Law & Order: SCU Special Cuban Unit

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By Maria Lopez-Knowles (CMO, Pulpo Media)

I’m a huge fan of Law and Order: SVU. Discovered it a little over a year ago, when binge watching the series helped me process my late husband’s untimely death from brain cancer. Maybe it has to do with how some of the shows end without any sort of closure – leaving us with more questions than answers, and the reminder that life isn’t fair, nor is justice always secured…but that’s another story.

Over the last year, I’ve realized that the show has two Cuban-American stars: Danny Pino and Raul Esparza (I know, I’m late to the game). It wasn’t readily apparent until they started speaking Spanish (no one can deny a Cuban accent). And the dialog in episodes I’ve seen (in no chronological order) reference their Cuban roots.

Why does it matter?

In my profession, I speak a lot about not only reaching but also affectively touching bilingual/bicultural Hispanics in advertising. It validates them. Makes them feel part of the society at large. When it’s done with taste and authenticity, is when the attachment or engagement and loyalty, actually occurs. This reality is easily translated to all creative content, including TV shows and film. This show gets it right.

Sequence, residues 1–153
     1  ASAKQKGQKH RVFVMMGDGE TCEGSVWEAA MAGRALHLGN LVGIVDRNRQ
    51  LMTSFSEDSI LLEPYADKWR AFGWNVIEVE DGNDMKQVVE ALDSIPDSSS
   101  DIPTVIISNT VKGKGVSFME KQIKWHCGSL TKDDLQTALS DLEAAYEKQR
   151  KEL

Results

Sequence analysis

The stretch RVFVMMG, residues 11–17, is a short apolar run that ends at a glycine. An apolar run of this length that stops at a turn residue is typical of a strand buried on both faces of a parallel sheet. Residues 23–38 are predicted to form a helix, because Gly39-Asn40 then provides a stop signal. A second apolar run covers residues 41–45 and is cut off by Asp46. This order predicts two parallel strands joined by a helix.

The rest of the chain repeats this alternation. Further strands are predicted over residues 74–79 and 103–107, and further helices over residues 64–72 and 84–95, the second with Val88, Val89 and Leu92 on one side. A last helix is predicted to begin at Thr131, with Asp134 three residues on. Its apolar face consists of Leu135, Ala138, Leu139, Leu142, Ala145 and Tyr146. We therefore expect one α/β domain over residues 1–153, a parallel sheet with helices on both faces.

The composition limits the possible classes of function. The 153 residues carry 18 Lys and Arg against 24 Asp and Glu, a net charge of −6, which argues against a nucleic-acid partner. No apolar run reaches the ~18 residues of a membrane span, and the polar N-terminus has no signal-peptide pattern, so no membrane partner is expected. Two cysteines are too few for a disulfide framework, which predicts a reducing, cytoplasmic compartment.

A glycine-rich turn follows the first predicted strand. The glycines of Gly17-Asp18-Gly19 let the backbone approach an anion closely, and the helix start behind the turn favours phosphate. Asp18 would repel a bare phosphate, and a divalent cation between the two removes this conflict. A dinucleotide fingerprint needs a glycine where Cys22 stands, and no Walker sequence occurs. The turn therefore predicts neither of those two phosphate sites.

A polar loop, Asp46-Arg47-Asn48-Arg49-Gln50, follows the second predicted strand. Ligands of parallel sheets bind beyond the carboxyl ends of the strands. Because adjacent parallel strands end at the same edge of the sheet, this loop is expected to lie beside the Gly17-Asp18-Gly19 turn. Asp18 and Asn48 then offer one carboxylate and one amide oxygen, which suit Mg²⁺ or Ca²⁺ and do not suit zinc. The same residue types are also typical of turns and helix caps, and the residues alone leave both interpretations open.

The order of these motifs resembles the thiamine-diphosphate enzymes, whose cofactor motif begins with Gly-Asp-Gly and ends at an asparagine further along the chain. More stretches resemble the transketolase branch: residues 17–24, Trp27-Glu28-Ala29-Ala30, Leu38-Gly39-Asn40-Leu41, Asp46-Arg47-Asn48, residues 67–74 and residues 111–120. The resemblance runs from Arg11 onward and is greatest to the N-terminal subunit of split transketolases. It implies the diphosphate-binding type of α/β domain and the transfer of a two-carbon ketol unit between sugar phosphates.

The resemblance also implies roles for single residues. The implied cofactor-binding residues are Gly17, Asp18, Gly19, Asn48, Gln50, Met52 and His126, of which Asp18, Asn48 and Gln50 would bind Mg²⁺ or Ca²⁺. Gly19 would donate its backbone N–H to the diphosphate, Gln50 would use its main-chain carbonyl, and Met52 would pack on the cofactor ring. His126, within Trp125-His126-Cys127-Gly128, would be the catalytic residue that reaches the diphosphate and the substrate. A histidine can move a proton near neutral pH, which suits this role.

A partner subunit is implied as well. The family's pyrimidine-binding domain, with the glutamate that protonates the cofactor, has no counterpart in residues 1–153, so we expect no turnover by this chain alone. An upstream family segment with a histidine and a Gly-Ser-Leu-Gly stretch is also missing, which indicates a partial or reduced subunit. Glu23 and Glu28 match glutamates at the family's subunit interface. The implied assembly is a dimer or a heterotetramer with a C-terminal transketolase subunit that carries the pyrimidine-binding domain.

First: In this series, we aren’t depicted as lower class, uneducated, or speaking with a thick accent. We are educated, middle class, and fluent in both English and Spanish. We are hybrids and live a duality that few outside of our existence, can truly discern.

Second: We struggle with the conflicting ethoi of being American and self-reliant, AND being Hispanic and collective by nature. Last night’s episode showed this conflict beautifully, with Detective Amaro having to choose between being loyal to his family vs. loyal to himself. A significant struggle that all Hispanic biculturals face.

Third: We do speak English primarily, but pepper it with Spanish when speaking to similar family member and friends. It’s our way of hyper-connecting with them, and is more intimate.

I get asked a lot about who gets the cultural and linguistic ‘winks’ right in advertising, and in a recent conference, about who gets it right in film and television. What do the characters have to do? What do they look like? How is it built into a story-line if you want to attract a bicultural viewer?

Law & Order SVU gets it right in my book.

Last night’s episode even referenced the fact that ‘in one generation Cubans become lawyers, doctors, CEOs but the news that people hear is about the nightclub brawl that the Cubans are involved in’. Another reality.

Cheers to positive Hispanic role models. Keep up the great job guys! You have a loyal fan who is also an advocate. Mil gracias.

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Categories: NGL News